will be quite a night. david, if the so-called experts are correct this turnout could be extraordinary. we're talking maybe as many as 150,000 folks on republican side, moving out there. it's, it could be quite fascinating to see as peter talked about, the does are uptors in this. i mean -- disruptors. the bernie and "the donald" indeed that. they may be paired up here, capturing the imagination of voters certainly in iowa, certainly in new hampshire. david: well, let's talk about bernie for a second. we're looking at him on the screen right now. what is europe take on the fact he has such popularity, particularly among the young, when he is avowed socialist. he calls himself a democratic socialist, even among democratic socialism there are extraordinary failures in the 20th century you can point to. very few successes, correct? >> correct indeed.
avowed socialist, i david, we could say he is card-carrying social it but he is really appealing to young people. and i tell you, he remind me so much of eugene mccarthy. david: yes. >> way in which he has taken the top issues, he is appealing to young people and exciting their interests in politics. i think it's really remarkable to the point that we're watching, obviously hillary clinton, who is the she is the icon of the democratic establishment, she is trembling tonight. david: she is indeed. you started talking about the republican party and they are the ones that are really energized tonight. of course in 2012 they only tied the number of caucus-goers that came four years previously. you're supposed to increase the numbers, not to tie them. tonight they will clearly bust through the numbers in 2012, because, let's face it because of the trump phenomenon, no? >> no question, without donald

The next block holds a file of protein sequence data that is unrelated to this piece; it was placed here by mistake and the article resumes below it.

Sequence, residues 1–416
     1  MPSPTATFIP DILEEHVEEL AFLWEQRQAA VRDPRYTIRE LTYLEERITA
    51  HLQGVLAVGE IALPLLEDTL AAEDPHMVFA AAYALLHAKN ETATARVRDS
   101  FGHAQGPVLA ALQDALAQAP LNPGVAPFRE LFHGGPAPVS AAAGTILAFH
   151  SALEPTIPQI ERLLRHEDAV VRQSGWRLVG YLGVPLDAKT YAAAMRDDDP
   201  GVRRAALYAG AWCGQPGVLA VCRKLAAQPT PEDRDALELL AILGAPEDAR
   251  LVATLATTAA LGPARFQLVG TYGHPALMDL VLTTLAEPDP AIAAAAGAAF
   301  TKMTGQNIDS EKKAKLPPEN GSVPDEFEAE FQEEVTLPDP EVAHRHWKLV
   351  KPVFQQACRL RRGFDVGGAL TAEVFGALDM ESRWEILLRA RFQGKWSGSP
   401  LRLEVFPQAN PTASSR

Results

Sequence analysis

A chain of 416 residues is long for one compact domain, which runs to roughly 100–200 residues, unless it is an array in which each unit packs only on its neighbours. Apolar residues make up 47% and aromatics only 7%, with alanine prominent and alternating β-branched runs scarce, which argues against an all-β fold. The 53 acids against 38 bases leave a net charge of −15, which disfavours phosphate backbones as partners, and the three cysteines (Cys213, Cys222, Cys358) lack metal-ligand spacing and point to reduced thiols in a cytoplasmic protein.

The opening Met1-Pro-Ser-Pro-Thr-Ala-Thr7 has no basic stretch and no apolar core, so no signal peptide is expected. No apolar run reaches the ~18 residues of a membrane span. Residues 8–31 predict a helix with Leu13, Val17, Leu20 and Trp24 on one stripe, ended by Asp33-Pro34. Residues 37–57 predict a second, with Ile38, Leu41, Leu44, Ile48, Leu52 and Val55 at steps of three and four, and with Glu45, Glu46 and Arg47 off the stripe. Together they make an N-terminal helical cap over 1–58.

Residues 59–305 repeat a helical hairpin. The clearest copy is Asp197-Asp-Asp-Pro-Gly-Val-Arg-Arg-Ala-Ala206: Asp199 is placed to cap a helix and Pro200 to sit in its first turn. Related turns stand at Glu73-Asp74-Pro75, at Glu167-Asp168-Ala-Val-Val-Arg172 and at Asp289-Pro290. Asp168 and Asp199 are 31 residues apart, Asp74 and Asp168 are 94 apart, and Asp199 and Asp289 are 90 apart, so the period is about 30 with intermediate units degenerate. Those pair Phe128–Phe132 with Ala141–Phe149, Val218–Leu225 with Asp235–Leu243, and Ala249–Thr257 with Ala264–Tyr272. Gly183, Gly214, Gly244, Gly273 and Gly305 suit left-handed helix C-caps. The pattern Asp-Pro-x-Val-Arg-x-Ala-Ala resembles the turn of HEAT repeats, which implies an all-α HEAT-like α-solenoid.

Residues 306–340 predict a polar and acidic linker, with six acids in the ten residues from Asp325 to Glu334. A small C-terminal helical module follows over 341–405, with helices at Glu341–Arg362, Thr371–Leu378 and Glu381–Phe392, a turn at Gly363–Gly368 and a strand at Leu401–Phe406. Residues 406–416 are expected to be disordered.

trump in the race, excitement, energy, on republican side would have resembled the 2012 with mitt romney as the standard-bearer. i truly believe if nothing else, donald trump has excited the base and indeed energized the entire party, whether that degree none of us knows. it portends not only well for the republicans in iowa tonight but across the country. whether marco rubio. whether it is ted cruz, they have much larger audiences and greater energetic potential supporters and followers than they otherwise would have had. david: it will be extraordinary night tonight. lou, thank you very much. >> great to be with you. david: lou dobbs, catch him so night. don't miss fox business's all-star live coverage of iowa